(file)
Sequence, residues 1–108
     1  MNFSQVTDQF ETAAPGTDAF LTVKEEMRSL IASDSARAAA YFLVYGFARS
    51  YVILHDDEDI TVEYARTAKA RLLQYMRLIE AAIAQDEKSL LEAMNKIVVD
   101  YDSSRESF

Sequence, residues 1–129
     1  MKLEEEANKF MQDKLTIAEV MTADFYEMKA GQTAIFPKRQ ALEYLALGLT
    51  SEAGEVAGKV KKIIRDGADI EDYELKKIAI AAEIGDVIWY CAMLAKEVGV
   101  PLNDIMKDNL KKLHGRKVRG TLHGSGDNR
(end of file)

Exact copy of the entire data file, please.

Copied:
Sequence, residues 1–108
     1  MNFSQVTDQF ETAAPGTDAF LTVKEEMRSL IASDSARAAA YFLVYGFARS
    51  YVILHDDEDI TVEYARTAKA RLLQYMRLIE AAIAQDEKSL LEAMNKIVVD
   101  YDSSRESF

Sequence, residues 1–129
     1  MKLEEEANKF MQDKLTIAEV MTADFYEMKA GQTAIFPKRQ ALEYLALGLT
    51  SEAGEVAGKV KKIIRDGADI EDYELKKIAI AAEIGDVIWY CAMLAKEVGV
   101  PLNDIMKDNL KKLHGRKVRG TLHGSGDNR